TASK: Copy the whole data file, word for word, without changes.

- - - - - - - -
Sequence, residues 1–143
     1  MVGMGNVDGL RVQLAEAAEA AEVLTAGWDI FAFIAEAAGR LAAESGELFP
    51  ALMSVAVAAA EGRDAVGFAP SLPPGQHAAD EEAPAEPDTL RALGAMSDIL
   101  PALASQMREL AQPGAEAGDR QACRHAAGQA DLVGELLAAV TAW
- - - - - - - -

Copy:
Sequence, residues 1–143
     1  MVGMGNVDGL RVQLAEAAEA AEVLTAGWDI FAFIAEAAGR LAAESGELFP
    51  ALMSVAVAAA EGRDAVGFAP SLPPGQHAAD EEAPAEPDTL RALGAMSDIL
   101  PALASQMREL AQPGAEAGDR QACRHAAGQA DLVGELLAAV TAW